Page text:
Health for humans, animals & plants

Detection of trichinella in red foxes (Vulpes vulpes) in western Austria

Current test results

Trichinella (Trichinella spp. ) belong to the nematodes and their larvae can be in the muscles of wild and domestic pigs, horses, badgers and bears, and infect humans by eating raw and insufficiently heated meat. Infection can be fatal to humans. Therefore, animals intended for human consumption are routinely tested for trichinella (IMPLEMENTING REGULATION (EU) 2015/1375).

In Europe, the presence of four different Trichinella species has been confirmed. In Austria, there is evidence of Trichinella spiralis in foxes, Trichinella pseudospiralis in wild boar (GLAWISCHNIG et al., 2016) and Trichinella britovi in wild boar, badgers and foxes.

Red foxes are considered an important reservoir for Trichinella britovi (GOTTSTEIN et al., 2009). Entry of trichinella via fox carcasses into the human food chain via wild boar poses a potential risk in fox and wild boar overlap areas. The continuous spread of wild boar and the increase of the fox population increase the number of these risk areas (DUSCHER et al., 2005; MASSEI et la., 2015; STATISTIK AUSTRIA 2019).

A study of foxes is therefore a measure to survey abundance and geographic distribution of this parasite in the silvicultural cycle.

In this described study, 1379 foxes (sampled in 2013-2018) from the provinces of Salzburg, Tyrol and Vorarlberg were examined for trichinella. For analysis, the digestion method was used on 10 g of forelimb muscle each (IMPLEMENTATION REGULATION (EU) 2015/1375). A total of 3% of foxes (95% confidence interval CI: 2.2-4.1%) were found to have trichinella (Trichinella britovi) in the muscle. Older foxes were 2.7x more frequently infested than young animals. Foxes from Vorarlberg were with 6.8% (95% CI: 4.6-9.6%) more frequently carriers of trichinella larvae than foxes from Salzburg (1.1% [95% CI: 0.3-2.4%]) or Tyrol (1.7% [95% CI: 0.7-3.3%]). This prevalence, which is nevertheless high for Vorarlberg, is striking, especially in view of previous investigations in earlier years, which provided 3% (SCHÖPF, 1996) or 1.3% (KROIS et al., 2005). However, other investigation techniques were used here. Nevertheless, prevalences in neighboring countries are also not so high, with 1.6% and 1% for Switzerland and Bavaria, respectively (FREY et al., 2009; NÖCKLER 2005). Vorarlberg has the highest prevalence currently known in Austria.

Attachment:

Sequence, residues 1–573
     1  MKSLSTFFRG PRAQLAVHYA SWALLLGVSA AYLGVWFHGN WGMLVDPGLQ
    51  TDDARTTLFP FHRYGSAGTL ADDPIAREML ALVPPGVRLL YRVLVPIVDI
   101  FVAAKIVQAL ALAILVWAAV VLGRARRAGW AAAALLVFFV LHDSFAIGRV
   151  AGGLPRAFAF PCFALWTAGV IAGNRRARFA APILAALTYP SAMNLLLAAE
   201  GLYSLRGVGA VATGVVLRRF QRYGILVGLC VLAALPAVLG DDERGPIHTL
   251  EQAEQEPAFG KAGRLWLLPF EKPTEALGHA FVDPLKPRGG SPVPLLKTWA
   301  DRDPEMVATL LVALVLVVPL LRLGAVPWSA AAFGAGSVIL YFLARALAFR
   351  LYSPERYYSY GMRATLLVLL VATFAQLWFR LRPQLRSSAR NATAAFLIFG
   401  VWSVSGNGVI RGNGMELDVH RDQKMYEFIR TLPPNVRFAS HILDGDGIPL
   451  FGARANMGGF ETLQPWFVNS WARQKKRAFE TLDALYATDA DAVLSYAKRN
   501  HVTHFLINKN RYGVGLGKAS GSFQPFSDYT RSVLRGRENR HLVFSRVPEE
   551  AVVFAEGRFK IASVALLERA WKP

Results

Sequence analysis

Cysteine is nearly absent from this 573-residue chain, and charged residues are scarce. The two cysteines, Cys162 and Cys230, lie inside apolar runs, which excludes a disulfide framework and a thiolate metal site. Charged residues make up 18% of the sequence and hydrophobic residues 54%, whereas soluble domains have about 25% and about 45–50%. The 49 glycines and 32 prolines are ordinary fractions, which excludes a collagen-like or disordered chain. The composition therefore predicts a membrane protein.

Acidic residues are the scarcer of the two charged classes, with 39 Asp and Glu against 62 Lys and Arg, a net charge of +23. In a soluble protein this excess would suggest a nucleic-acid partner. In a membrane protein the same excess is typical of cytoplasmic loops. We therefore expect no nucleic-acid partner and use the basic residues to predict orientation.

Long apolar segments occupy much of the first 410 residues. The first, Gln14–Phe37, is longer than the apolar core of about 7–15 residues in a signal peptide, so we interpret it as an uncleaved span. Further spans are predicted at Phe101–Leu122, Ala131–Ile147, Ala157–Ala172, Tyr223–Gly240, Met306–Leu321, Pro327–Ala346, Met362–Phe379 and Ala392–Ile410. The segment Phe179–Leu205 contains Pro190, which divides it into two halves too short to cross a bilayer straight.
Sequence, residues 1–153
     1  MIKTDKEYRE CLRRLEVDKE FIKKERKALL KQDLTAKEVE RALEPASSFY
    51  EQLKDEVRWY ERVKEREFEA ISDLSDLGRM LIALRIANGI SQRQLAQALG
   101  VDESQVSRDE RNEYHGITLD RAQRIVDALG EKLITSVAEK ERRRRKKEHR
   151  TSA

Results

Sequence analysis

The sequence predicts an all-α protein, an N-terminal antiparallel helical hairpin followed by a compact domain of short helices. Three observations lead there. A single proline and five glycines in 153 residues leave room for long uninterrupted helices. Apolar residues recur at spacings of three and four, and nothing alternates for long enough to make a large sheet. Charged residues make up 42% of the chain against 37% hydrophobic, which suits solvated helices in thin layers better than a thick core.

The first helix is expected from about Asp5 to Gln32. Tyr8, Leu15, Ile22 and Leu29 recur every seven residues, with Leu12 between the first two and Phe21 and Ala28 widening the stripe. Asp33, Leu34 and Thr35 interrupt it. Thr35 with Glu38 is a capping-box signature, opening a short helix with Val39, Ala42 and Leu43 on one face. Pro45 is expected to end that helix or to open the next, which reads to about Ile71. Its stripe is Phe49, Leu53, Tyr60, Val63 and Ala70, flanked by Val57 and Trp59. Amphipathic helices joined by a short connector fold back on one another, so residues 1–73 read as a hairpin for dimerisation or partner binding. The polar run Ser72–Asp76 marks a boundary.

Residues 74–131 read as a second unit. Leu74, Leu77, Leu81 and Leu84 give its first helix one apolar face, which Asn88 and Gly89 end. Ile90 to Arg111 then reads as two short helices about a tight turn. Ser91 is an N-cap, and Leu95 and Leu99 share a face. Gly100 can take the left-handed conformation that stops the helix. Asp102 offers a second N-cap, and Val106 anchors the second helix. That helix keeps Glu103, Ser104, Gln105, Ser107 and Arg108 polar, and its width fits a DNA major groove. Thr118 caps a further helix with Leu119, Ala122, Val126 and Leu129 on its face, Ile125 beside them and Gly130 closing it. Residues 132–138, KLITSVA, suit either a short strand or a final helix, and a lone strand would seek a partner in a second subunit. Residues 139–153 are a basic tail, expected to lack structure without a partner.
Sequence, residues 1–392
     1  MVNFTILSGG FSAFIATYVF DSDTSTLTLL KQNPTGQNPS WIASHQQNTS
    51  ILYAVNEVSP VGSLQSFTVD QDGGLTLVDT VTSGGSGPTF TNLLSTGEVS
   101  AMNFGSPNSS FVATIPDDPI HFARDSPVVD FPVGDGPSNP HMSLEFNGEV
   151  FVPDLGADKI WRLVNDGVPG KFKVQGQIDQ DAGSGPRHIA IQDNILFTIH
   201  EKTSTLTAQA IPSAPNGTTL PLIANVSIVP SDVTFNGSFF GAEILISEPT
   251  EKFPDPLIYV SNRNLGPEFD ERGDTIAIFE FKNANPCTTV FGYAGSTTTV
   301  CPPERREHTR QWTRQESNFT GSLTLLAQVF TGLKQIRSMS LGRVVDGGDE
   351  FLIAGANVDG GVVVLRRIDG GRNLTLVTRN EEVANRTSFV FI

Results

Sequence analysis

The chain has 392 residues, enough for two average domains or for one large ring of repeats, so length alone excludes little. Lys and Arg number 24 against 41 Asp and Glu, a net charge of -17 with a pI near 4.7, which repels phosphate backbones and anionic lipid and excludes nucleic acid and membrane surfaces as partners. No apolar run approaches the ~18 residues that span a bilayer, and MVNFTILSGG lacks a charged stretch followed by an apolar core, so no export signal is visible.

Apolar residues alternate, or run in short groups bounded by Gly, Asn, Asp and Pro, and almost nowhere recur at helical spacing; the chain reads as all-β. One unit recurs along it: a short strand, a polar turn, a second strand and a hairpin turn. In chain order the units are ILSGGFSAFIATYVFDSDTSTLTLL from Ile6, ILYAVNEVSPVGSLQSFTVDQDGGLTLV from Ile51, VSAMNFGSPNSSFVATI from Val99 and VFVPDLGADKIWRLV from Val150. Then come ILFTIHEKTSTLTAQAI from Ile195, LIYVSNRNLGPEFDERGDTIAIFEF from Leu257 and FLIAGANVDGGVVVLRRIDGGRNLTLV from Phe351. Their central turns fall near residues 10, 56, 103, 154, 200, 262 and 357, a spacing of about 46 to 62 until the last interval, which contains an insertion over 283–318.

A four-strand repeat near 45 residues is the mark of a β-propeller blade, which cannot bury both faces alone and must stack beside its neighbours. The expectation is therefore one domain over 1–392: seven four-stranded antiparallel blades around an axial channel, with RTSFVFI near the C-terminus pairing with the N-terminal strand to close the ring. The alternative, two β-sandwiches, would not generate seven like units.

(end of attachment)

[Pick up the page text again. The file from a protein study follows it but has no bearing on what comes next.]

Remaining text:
As a precautionary measure, the disease-proof disposal of fox cores should be considered. Thus, the infection chain fox-fox but also fox-wild boar could be interrupted.

It is also essential to carry out a complete and consistent trichinella examination of wild animals intended for human consumption, which can also be carriers of trichinella.


DUSCHER, G., WINKELMAYER, R., PROSL, H. (2005): Distribution of wild boar in areas with trichinella findings in foxes in Austria. Wien Tierarztl Monat - Vet Med Austria 92, 315-321.

GLAWISCHNIG, W., WUNSCH, A., FÖTSCHL, H., VANEK, E. (2016). First detection of Trichinella pseudospiralis in wild boar in Austria. Wien Tierarztl Monat - Vet Med Austria 103, 183-187.

FREY, C.F., SCHUPPERS, M.E., MÜLLER, N., RYSER-DEGIORGIS, M.P., GOTTSTEIN, B. (2009): Assessment of the prevalence of Trichinella spp. in red foxes and Eurasian lynxes from Switzerland. Vet Parasitol 159, 295-299.

GOTTSTEIN, B., POZIO, E., NÖCKLER, K. (2009): Epidemiology, diagnosis, treatment and control of trichinellosis. Clin Microbiol Rev 22, 127-145.

KROIS, E., NÖCKLER, L., DUSCHER, G., JOACHIM, A., KAPEL, C.M.O., PROSL, H. (2005): Trichinella britovi in red fox (Vulpes vulpes) in Austria. Wien Tierarztl Monat - Vet Med Austria 92, 308-314.

MASSEI, G., KINDBERG, J., LICOPPE, A., GACIC, D., SPREM, N., KAMLER, J., BAUBET, E., HOHMANN, U., MONACO, A., OZOLINS, J., CELLINA, S., PODGORSKI, T., FONSECA, C., MARKOV, N., POKORNY, B., ROSELL, C., NAHLIK, A. (2015): Wild boar populations up, numbers of hunters down? A review of trends and implications for Europe. Pest Manag Sci 71, 492-500.

NÖCKLER, K. (2005): Occurrence and importance of Trichinella spp. in Germany. Wien Tierarztl Monat - Vet Med Austria 92, 301-307.

SCHÖPF, B. (1996): On the occurrence of Trichinella spiralis in the red fox (Vulpes vulpes) in Salzburg, Tyrol and Vorarlberg. Dissertation, University of Veterinary Medicine, Vienna. STATISTIK AUSTRIA (2019):; last access: 19.09.2022.  LEGAL STANDARDS COMMISSION IMPLEMENTING REGULATION (EU) 2015/1375 of 10 August 2015 laying down specific rules on official controls for Trichinella in meat. Official Journal of the European Union, L212/7-34.

Original paper GLAWISCHNIG, W., SUN, H., SCHLEICHER C., SCHÖPF, K., Wiener Tierärztliche Monatsschrift - Vet Med Austria 106, 242-248.

Last updated: 14.09.2022

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